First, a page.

But it's not our fight, as Torah-believing Jews? Historically our rabbis have certainly indicated that it is. Long before Charles Darwin was born in 1809, similar debates were being fought in Europe over scientific challenges to the belief that God created and designed the world. In medieval Spain, the science of the day was carried on by Aristotelian philosophers who denied that the universe had a beginning. So there could be no Creator in any sense recognizable to a Torah Jew. 

Rabbi Yehudah HaLevi, among other Jewish philosophers, knew it was necessary to directly address the challenge of this scientific doctrine. In the story he tells in the Kuzari, the religiously searching Khazar king stages a debate between a rabbi and an Aristotelian scientist-philosopher. (A Christian and a Muslim also participate briefly.) The philosopher denies that God intentionally created the world but instead argues that a series of natural causes explains the existence of everything. That is Darwinism in a nutshell. Yehudah HaLevi saw it as totally normal and desirable that a rabbi should engage in an extended and very well informed disputation over such issues.

Rabbi Samson Raphael Hirsch lived to see Darwin's influence spread rapidly across Europe after the Origin of Species appeared in 1859. In his Torah commentary, Rav Hirsch was scathing on the morally disastrous effects of Darwinian thought. Ideas, he knew, have consequences for the way we all live. Commenting on the idol Baal Peor, worshipped in the most grotesquely animalistic fashion, Hirsch wrote that it illustrates precisely "the kind of Darwinism that revels in the conception of man sinking to the level of beast and stripping itself of its divine nobility, learning to consider itself just a 'higher' class of animal" (Numbers 25:3).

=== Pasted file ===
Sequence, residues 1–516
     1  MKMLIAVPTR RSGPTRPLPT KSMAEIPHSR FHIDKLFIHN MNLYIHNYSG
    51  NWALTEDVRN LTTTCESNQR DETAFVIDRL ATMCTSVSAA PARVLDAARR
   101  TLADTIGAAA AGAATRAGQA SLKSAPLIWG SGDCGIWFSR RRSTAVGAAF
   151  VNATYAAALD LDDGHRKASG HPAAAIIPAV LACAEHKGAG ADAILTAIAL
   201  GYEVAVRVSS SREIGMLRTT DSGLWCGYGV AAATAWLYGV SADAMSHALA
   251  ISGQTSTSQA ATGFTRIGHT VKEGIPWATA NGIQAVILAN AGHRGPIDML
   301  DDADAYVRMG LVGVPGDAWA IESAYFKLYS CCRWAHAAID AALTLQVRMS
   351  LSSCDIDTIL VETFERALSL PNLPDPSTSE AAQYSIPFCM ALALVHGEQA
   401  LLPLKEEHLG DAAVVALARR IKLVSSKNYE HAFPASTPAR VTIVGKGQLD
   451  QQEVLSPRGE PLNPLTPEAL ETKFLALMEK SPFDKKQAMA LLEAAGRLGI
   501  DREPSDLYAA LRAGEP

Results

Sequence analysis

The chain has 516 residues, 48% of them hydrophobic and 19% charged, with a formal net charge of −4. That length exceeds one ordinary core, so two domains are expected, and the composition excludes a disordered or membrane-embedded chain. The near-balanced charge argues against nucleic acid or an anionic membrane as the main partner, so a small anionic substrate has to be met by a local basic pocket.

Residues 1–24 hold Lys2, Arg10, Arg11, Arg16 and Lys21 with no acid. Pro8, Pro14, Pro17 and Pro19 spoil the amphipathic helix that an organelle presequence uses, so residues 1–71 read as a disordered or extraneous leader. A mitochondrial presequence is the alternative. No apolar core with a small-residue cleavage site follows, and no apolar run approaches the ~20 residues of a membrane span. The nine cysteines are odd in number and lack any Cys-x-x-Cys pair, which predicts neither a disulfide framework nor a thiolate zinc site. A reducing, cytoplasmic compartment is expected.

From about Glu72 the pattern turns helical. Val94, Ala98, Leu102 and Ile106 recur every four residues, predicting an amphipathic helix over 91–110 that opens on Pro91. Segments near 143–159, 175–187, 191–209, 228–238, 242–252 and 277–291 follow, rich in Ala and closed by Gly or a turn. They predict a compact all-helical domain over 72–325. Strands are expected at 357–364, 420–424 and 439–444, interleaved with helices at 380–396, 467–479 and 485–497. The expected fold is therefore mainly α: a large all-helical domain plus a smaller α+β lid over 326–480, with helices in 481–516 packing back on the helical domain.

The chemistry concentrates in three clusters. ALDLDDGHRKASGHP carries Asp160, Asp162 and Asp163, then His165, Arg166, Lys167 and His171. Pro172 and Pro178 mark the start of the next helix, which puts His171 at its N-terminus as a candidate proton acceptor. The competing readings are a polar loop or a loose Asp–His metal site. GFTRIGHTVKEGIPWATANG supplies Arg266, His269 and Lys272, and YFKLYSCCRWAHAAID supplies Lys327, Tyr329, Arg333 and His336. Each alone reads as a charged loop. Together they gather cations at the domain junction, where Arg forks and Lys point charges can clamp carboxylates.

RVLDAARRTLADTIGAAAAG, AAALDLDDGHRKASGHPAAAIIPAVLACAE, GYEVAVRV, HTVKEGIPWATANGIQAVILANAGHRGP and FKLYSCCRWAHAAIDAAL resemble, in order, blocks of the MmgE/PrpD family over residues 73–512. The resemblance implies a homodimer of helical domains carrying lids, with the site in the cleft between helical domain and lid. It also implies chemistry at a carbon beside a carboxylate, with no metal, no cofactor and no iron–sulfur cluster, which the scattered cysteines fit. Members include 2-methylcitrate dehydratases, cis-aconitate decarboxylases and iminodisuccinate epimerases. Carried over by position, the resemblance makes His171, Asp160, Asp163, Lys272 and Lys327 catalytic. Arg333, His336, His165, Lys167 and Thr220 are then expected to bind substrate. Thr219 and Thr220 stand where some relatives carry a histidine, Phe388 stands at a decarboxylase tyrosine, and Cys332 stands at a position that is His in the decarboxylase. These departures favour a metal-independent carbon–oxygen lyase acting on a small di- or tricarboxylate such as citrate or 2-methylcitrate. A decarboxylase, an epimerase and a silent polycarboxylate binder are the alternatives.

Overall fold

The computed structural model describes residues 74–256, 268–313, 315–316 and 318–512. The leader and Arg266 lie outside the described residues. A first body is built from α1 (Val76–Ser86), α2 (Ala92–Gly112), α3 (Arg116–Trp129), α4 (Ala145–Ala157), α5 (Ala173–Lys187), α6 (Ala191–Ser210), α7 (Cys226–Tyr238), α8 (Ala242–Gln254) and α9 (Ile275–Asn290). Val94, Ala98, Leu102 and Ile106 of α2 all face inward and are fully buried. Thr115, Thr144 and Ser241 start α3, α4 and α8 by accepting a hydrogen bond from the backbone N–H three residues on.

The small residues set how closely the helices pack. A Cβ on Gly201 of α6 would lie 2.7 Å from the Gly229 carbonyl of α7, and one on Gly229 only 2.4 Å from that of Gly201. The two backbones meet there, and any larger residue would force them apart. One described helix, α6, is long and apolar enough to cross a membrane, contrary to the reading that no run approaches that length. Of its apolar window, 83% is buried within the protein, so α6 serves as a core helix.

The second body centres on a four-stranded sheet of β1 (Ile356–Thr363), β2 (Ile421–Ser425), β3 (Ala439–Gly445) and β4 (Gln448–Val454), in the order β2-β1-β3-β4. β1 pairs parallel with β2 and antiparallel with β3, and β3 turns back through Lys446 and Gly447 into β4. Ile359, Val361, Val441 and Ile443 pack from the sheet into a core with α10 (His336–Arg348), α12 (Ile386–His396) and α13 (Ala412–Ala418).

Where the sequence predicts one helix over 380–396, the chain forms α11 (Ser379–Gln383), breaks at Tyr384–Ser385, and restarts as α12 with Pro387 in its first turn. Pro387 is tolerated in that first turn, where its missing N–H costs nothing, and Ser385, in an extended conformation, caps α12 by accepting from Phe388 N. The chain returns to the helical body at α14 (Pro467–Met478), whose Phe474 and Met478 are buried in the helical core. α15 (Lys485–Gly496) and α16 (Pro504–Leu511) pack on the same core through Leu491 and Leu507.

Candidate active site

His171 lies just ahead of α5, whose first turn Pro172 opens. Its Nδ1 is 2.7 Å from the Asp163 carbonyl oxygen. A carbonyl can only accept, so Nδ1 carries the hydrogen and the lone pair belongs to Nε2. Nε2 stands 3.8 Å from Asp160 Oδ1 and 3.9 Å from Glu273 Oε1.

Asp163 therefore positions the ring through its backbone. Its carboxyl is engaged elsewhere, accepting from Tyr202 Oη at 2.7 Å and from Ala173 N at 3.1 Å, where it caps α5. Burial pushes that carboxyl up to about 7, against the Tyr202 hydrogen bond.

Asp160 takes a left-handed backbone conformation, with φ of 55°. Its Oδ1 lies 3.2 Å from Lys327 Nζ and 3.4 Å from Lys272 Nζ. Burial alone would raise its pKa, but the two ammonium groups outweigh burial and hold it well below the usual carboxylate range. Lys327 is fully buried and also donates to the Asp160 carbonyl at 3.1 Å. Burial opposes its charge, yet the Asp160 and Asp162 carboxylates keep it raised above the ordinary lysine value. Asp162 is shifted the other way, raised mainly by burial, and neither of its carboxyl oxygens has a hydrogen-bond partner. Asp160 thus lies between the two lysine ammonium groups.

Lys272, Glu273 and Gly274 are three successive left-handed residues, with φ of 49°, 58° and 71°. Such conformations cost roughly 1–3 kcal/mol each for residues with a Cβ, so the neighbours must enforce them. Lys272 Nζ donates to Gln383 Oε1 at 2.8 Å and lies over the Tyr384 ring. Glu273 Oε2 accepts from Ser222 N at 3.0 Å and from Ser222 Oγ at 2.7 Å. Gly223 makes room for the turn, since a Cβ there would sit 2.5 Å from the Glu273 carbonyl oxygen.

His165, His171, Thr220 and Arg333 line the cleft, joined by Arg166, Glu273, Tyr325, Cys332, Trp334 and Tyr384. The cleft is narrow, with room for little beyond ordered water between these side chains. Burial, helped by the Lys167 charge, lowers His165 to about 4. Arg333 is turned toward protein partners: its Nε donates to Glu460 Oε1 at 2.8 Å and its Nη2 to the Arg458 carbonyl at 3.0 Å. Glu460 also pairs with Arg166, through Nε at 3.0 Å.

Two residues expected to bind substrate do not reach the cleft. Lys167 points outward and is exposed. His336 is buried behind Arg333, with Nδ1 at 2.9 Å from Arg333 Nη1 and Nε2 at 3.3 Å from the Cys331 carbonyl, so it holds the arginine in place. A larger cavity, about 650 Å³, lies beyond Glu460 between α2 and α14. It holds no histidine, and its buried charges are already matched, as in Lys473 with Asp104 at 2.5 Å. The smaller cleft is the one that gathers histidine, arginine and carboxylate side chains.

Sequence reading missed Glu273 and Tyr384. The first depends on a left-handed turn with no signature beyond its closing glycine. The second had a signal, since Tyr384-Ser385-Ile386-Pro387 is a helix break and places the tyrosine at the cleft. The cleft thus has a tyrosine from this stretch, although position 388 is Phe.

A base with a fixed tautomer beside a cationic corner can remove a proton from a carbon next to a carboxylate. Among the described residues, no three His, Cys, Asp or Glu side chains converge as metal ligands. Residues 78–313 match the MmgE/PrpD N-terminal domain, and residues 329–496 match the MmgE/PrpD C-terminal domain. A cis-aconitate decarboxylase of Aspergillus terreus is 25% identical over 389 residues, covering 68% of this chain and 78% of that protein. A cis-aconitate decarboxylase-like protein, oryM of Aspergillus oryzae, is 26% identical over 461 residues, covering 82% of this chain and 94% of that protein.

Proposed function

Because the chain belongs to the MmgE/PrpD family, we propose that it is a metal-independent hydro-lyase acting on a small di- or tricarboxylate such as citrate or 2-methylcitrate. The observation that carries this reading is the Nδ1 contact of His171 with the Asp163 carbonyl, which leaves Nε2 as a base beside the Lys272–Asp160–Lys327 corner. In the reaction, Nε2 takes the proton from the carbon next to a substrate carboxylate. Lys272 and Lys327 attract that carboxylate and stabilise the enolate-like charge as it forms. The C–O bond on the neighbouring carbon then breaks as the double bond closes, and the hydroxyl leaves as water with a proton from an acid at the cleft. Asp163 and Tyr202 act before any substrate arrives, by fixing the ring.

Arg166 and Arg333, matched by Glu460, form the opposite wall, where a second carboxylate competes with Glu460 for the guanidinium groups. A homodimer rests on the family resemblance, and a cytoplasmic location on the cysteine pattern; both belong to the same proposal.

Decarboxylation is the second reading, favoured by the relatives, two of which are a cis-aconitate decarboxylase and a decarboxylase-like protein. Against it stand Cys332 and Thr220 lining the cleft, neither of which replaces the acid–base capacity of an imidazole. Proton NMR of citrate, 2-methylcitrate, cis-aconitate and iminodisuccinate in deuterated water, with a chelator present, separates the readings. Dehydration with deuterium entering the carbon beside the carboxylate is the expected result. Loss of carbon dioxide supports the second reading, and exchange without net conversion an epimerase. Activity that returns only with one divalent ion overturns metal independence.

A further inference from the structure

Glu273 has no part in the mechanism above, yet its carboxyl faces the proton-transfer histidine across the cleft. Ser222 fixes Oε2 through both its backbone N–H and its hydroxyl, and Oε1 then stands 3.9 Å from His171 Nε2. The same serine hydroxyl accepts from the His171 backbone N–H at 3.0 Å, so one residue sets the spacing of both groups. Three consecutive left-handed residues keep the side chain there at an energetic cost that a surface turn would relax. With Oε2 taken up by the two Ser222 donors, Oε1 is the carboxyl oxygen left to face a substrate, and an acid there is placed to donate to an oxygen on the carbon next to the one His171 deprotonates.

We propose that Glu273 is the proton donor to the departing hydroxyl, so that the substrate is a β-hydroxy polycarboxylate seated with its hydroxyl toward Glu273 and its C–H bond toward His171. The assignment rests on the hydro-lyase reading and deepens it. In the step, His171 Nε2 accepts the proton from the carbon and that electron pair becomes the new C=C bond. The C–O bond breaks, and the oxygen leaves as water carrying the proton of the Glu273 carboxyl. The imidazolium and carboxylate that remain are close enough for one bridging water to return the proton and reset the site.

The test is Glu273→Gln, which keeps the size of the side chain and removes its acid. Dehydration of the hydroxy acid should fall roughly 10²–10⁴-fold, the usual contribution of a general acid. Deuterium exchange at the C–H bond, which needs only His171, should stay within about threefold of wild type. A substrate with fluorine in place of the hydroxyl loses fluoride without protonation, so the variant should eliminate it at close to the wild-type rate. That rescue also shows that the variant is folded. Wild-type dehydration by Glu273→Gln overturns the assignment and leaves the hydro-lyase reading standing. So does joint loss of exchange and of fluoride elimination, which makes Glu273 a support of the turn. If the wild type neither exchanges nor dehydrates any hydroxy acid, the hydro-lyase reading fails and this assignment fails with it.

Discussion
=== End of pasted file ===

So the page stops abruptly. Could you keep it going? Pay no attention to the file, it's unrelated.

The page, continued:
Western culture has since become widely convinced that human beings, just like animals, lack moral choice and responsibility. Applied Darwinism results in the widespread, easily observable failure to distinguish between people and animals, a moral disease we may call animalism.

Both the elite and mass media are rife with it. So the rights of animals become a sacred cause, justifying even violence in their defense, while ascribing a unique dignity or worth to men and women is increasingly suspect. If human beings lack such a dignity unique to them and transcending whatever condition their body may be in at a given moment--fetus, child, or adult, sick or well, conscious or "vegetative"--then extinguishing a human life when it seems convenient to us becomes very easy to justify. 

The social consequences range from animal-liberation terrorism to modern eugenics, right-to-die initiatives, euthanasia, abortion and more. In the state where I live, Washington, voters just this past November overwhelmingly approved an assisted-suicide law, the second in the nation (after Oregon). It permits doctors to help patients identified as "terminally ill" to take their own lives.

And this is not our fight? The Darwin-Hitler connection would be enough reason to acknowledge the evolution debate as one in which religious Jews have a profound stake. The moral and hashkafic aspects of the fight make it, without any doubt at all, ours, perhaps more than it is anyone else's.